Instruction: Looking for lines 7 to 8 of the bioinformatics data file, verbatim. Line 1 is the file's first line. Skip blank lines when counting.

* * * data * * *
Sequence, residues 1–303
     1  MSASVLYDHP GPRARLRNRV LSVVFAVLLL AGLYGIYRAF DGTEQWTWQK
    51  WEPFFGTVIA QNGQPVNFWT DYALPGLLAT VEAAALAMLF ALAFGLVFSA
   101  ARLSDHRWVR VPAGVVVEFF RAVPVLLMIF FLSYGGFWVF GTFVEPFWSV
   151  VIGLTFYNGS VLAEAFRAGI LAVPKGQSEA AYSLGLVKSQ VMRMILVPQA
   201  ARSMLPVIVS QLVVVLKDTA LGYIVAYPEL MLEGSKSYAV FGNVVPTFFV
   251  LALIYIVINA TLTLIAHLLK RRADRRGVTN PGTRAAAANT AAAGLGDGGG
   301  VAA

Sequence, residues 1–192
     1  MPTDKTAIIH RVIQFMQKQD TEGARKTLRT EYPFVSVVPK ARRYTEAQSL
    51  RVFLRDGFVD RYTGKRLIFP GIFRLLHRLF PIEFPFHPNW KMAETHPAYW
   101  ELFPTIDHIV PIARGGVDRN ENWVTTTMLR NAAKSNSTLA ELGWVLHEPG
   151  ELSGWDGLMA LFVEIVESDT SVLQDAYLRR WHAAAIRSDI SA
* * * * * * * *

   251  LALIYIVINA TLTLIAHLLK RRADRRGVTN PGTRAAAANT AAAGLGDGGG
   301  VAA